First, the flags:
1. China repo rate has escalated sharply today suggesting another cash crunch may be at hand:
2. Insider selling in the US is now historically high, a further sell signal for equities:
3. Comex gold stocks that are eligible for delivery versus open interest has risen to a historic extreme of 112:1. This means that the gold owners will demand higher prices to put their gold up for delivery and is bullish for gold prices.
Now to the solar findings.
Below is a chart showing the last 4 solar cycles. In the last 4 decades there have been 3 major real estate peaks in the US and UK: 1979, 1989 and 2006/7. There has been one in Japan: 1991. In the last 4 decades there have been 2 secular peaks in the CCI commodities index: 1980 and 2011 (which exceeded the 2008 high). In the same period we saw one major secular equities peak in Japan in 1989 and two major global equities peaks in 2000 and 2007. All are annotated below.
The theme of major market peaks falling at solar maxima is again revealed, but two recent anomalies stand out: the equities and real estate peak of 2007 falling at a solar minimum, rather than a solar maximum; and the commodities speculative peak of 2011 falling on the rise towards SC24 maximum.
Tackling the first, that 2007 peak gave way to the 2008 financial crisis, in which we saw crashes in real estate, equities and crude oil prices. This is in keeping with other crashes and crises that have historically occurred around solar minima. 1987’s historic crash in equities took place near a solar minimum. 1994 delivered a treasury bond market crash. 1997 saw the Asian financial crisis and a crash in equities. 2008 the aforementioned multi-asset crashes and financial crisis, and 2010 the flash crash in global stocks. All saw significant price rises into the crashes/crises. Central bank policies of this last decade were particularly friendly to asset bubbles, hence a suitably large boom and bust.
Turning to the second anomaly, one possibility is that commodities have not yet peaked and go on to make a higher high than 2011 in a late and swift cyclical charge as equities top out.
If they have already made their highs, then one explanation for their early peak on the SC24 maximum could be that China’s demographics topped out around 2010, and as the main driver of commodities demand the speculative finale had an earlier bias. China’s demographic trending to peak is perhaps better reflected in the bull market in commodities from 2000 than in their brief stock market mania around 2007.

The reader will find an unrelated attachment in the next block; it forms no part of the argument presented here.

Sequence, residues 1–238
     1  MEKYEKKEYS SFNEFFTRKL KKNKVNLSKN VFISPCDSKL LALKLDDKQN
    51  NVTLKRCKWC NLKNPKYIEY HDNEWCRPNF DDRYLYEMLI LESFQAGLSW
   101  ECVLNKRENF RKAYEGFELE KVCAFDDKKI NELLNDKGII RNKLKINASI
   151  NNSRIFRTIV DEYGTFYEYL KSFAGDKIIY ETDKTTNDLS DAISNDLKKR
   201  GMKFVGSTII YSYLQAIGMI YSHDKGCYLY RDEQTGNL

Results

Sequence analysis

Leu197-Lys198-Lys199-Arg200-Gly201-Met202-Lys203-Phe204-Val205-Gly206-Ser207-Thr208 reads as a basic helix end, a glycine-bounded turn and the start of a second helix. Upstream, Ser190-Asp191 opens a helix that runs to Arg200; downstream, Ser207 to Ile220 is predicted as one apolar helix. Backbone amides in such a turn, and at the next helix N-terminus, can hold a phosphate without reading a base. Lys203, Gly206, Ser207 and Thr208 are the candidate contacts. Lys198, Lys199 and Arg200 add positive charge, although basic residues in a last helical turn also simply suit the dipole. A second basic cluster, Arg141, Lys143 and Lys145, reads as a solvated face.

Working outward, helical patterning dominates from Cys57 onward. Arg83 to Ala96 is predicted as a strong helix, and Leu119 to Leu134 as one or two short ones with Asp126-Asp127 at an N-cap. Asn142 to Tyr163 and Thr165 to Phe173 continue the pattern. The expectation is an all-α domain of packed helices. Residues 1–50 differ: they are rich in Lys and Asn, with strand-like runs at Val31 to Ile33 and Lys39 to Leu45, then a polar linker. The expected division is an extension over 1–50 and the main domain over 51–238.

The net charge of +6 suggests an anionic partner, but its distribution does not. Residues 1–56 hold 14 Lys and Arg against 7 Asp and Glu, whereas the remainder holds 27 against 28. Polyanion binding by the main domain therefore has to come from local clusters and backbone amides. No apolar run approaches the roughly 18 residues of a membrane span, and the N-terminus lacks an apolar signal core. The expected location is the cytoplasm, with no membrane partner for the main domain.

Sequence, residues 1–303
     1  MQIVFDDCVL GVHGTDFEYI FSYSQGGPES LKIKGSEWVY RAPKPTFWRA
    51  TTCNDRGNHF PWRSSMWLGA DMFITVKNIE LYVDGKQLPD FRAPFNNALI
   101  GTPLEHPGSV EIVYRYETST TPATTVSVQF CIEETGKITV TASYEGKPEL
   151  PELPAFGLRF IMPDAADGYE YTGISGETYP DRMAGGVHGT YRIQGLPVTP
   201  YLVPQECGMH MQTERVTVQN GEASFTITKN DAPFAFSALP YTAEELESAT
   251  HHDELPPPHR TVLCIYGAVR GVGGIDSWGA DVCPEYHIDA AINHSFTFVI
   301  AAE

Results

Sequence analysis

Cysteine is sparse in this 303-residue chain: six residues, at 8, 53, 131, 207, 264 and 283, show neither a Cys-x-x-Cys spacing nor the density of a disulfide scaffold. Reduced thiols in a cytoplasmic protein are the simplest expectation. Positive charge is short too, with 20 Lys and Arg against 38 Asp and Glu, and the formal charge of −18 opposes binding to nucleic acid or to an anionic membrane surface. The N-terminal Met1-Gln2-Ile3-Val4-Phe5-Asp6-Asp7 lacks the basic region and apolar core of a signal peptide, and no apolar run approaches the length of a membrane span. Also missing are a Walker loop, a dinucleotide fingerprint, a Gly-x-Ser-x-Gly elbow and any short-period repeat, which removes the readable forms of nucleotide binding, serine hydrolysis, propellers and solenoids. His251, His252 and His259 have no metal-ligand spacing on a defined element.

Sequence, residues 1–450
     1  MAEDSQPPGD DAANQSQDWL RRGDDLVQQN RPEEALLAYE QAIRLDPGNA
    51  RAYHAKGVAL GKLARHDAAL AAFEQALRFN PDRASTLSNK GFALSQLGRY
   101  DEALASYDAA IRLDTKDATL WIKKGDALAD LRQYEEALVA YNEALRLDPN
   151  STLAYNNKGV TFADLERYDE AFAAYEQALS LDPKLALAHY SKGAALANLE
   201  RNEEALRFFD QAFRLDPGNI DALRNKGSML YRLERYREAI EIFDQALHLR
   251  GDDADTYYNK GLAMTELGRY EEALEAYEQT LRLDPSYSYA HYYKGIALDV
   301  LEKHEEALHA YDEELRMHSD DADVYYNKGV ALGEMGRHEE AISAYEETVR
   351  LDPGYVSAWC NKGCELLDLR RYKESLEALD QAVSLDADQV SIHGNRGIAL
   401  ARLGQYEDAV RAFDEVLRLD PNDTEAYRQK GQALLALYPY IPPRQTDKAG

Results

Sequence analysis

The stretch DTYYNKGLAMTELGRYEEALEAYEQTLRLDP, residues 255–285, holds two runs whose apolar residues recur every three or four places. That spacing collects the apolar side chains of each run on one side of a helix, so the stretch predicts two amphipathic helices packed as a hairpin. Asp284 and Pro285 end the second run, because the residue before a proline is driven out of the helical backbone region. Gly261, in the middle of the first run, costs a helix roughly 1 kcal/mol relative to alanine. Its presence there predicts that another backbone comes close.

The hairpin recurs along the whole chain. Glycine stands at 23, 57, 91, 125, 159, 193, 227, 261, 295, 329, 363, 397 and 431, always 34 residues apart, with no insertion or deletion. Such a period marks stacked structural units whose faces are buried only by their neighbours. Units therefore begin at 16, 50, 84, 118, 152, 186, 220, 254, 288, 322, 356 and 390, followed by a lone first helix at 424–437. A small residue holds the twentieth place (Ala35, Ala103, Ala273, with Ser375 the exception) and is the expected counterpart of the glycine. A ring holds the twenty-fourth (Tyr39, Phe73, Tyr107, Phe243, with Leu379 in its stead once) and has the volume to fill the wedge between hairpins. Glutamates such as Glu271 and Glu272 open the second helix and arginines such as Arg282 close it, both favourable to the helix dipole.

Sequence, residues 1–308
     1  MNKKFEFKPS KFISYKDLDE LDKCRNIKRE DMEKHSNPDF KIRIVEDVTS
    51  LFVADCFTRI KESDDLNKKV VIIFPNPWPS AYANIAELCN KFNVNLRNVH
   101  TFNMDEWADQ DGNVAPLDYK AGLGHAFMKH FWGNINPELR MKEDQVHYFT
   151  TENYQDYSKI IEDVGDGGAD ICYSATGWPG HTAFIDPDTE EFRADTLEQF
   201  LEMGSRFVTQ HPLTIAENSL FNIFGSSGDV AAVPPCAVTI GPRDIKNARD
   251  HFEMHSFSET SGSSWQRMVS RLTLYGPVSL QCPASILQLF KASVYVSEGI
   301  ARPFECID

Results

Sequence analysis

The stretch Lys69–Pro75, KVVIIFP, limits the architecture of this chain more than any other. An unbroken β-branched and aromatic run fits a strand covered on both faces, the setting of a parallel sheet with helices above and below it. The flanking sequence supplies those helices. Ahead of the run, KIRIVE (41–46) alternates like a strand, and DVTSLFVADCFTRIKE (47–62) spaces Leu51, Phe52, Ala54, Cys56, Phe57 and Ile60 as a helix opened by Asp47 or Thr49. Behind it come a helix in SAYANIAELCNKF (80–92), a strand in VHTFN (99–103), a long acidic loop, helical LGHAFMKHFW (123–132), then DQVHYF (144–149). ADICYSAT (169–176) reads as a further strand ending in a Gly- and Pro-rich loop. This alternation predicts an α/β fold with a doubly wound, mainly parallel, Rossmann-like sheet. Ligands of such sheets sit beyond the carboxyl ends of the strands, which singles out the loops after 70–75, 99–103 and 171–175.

But there is something else. Solar cycles average 11 years 1 month, but there have been outliers as short as 9 years and as long as almost 14 years. Here are the smoothed solar maxima of the last 100 years:
Aug 1917 (+11y6m after the previous solar maximum)
Apr 1928 (+10y8m)
Apr 1937 (+11y)
May 1947 (+10y1m)
Mar 1958 (+10y8m)
Nov 1968 (+10y8m)
Dec 1979 (+11y1m)
Jul 1989 (+9y7m)
Mar 2000 (+10y9m)
Dec 2013 ? (+13y9m)
Most aren’t far from average cycle lengths, but May 1947 was a year shorter, July 1989 shorter still, and if this smoothed solar maximum turns out to be around December 2013, that will be a much longer one than any of the others. Even if the smoothed maximum turns out to be Feb 2012 (the smoothed max to date) it will still be an outlier on the long side.
If lunar phasing still works despite artificial lighting and is to some degree ‘hard coded’ in human evolution, could sunspot cycles be too? Do we see evidence of human excitement through speculative peaks occurring around 11 years 1 month after the last solar maximum on those occasions where solar maxima occur significantly earlier or later?
The last smoothed solar maximum was March 2000. Add 11 years 1 month and we get April 2011, which is where we saw speculative peaks in silver, cotton, coffee, rare earths and others. However, we also see evidence of a speculative peak occurring now, at the likely smoothed solar maximum, as evidenced in many indicators and measures of equities.
July 1989 was an early outlier. 11 years 1 month from the previous peak would have been January 1991. Close to that, Japanese real estate peaked June 1991 and crude oil peaked in October 1990 in a war-associated major spike. However, we also saw US and UK real estate and Japanese equities peaking close to the actual solar maximum of July 1989.
May 1947 was an early outlier. Had it been a more regular May 1948, then we saw wholesale prices and crude oil peaking out around 1948. Yet commodities such as wheat, corn and oats peaked close to the 1947 actual smoothed maximum.
That may suggest there is some degree of hard coding of rhythm in human excitement, as well as some degree of variance in speculative peaks according to when actual solar maxima fall. However, when we look at the solar cycle progression charts, we find that the tops of the solar maxima stretched across 1989-1991 and 1947-1948, which suggests there was no anomaly: speculative peaks were in line with actual solar maxima. But this is not really the case for the 2011 speculative peaks which fell on the rise into SC24 maximum. Therefore, we need to wait to see if commodities do make a late charge to a high exceeding 2011, wait to see if the solar maximum is falling and completing now, and also to wait to see if equities top out here and deliver a peak aligned with that potential solar maximum, before we can judge this further.